1. Problem/Issue Definition
Fairchild Water Technology was a company established in 1980 by Eugene Fairchild that focused on water filtration and purification systems. Fairchild was very successful in the industry and wanted to expand internationally and to be known as the producer of the best water purification systems in worldwide. As the international market liaison for Fairchild, Rahul Chatterjee was given the challenge of moving Fairchild from just “dabbling in developing countries to thriving in them.” There were other Liaisons in Argentina, Brazil and Indonesia, but India was the largest project for the expansion and it was Chatterjee’s job to manage India himself. There were many reasons why India was a choice market for Fairchild, all of which will be explained in the situation analysis, but most importantly Indians had a significant need for more sophisticated water purification systems. Since there are many different methods of purifying water, Chatterjee would have to convince the Indian people that Fairchild’s method was best.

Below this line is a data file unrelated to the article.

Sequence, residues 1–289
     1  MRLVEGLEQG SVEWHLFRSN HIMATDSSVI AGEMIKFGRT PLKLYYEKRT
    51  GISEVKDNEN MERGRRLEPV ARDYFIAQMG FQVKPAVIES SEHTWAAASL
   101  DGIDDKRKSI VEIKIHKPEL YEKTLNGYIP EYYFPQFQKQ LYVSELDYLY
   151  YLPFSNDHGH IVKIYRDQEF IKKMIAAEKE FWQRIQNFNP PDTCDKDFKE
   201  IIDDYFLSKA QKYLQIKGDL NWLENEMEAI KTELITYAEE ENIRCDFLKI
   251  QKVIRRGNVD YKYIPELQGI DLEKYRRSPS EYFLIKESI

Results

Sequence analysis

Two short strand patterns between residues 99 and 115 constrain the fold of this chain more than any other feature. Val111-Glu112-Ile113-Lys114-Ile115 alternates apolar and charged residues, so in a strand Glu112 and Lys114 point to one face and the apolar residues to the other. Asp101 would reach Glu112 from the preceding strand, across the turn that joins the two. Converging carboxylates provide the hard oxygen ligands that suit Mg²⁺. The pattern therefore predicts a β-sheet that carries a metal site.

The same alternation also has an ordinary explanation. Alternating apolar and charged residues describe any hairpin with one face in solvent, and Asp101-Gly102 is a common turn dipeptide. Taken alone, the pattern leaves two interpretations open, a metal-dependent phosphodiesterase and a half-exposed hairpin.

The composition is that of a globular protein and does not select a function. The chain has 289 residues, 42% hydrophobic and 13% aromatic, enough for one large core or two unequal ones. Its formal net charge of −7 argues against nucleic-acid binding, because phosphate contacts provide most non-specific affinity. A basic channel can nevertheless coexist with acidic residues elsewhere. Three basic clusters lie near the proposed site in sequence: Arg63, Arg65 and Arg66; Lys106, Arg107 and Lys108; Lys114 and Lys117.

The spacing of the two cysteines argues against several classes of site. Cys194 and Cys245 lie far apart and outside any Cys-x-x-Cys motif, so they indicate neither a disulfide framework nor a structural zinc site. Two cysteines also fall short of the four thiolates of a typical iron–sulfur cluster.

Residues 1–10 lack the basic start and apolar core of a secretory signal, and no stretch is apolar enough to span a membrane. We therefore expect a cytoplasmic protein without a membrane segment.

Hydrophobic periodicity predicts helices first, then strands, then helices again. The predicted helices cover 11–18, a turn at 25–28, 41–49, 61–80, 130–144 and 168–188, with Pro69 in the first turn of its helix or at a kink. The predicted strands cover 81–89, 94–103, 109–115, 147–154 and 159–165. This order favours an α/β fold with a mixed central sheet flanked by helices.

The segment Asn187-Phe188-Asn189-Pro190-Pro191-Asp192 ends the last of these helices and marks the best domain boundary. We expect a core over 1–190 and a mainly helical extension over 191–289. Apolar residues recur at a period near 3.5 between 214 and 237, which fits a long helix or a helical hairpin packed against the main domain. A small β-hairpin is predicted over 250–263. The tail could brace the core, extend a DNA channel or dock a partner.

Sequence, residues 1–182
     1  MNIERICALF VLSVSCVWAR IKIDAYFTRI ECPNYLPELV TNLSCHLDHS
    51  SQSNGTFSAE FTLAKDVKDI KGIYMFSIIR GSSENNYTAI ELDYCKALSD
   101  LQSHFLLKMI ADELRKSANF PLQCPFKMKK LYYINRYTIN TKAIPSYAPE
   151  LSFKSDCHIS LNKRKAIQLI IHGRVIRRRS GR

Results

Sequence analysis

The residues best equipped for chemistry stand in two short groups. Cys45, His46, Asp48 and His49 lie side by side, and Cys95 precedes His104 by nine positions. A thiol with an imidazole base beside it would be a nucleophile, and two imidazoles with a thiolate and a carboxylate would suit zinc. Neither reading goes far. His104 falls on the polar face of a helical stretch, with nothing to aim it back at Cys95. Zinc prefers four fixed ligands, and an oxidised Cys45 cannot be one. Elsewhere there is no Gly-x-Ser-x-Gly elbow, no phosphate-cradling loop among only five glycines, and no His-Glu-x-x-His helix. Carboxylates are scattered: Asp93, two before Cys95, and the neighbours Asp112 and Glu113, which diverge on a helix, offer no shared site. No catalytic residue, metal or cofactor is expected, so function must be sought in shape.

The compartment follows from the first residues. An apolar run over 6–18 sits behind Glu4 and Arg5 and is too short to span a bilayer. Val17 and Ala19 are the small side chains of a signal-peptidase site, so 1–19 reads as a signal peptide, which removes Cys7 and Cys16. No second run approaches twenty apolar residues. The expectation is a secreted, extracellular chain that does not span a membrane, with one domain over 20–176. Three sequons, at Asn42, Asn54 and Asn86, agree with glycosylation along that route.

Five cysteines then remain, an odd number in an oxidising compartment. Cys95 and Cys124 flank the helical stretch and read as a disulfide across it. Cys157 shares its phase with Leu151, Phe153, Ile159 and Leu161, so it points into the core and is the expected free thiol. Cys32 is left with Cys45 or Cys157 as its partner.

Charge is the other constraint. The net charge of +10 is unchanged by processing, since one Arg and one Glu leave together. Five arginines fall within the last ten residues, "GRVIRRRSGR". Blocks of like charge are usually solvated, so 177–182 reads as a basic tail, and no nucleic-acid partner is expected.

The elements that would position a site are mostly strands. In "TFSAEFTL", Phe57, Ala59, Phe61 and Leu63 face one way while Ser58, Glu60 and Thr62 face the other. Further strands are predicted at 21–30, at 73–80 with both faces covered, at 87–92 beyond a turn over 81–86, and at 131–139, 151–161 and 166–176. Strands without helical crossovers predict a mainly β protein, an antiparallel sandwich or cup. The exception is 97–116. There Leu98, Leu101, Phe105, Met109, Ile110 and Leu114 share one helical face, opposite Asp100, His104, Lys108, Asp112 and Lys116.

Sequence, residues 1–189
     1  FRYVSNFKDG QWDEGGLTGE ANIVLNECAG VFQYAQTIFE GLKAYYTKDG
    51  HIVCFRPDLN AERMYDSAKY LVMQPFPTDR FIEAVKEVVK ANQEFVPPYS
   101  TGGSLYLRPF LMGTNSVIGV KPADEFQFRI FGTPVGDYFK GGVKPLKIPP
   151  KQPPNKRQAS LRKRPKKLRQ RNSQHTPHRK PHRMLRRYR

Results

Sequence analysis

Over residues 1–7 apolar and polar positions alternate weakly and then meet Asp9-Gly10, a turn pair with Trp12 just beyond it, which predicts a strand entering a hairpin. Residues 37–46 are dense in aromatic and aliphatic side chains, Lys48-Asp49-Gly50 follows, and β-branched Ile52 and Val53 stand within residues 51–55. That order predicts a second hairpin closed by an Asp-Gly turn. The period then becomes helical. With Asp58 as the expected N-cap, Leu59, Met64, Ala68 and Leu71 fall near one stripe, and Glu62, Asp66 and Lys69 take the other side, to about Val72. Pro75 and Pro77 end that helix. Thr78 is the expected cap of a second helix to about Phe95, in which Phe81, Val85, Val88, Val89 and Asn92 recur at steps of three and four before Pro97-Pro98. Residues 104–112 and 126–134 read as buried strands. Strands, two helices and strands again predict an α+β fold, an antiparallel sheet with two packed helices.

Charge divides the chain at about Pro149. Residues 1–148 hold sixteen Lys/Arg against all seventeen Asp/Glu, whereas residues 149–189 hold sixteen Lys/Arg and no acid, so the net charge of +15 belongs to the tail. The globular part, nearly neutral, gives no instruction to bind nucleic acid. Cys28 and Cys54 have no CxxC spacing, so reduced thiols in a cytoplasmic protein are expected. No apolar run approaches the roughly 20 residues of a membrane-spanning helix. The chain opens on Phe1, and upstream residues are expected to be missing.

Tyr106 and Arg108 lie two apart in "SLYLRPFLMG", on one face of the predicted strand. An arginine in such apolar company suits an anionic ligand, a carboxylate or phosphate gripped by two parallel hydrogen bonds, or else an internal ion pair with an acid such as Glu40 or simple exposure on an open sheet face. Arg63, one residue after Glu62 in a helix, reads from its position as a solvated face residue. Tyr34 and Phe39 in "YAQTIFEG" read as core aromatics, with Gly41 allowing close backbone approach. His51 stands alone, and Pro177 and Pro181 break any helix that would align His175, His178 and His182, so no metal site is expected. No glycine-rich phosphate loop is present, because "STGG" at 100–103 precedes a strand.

One of the most traditional methods, boiling the water, doesn’t rely on any system and was used by about 50 percent of the target market. Boiling was seen by the consumers as the most inexpensive way to get rid of bacteria, but this method left the purified product with a “flat” taste, was very time consuming and failed to remove physical impurities and unpleasant odors. Another 40 percent of the target market used candle filters. These simple mechanical filters were also very affordable costing only about RS350 to RS1100. The issue with the candle filters was that it was a very slow purification process. Others used water purifiers which were considered more sophisticated then candle filters, but the engineers at Fairchild were skeptical of the claim that these purifiers removed all bacteria and viruses. The remaining 10 percent of the target market didn’t own any system and Chatterjee believed that only a select few in this category would even bother to change their habits with the introduction of a new system.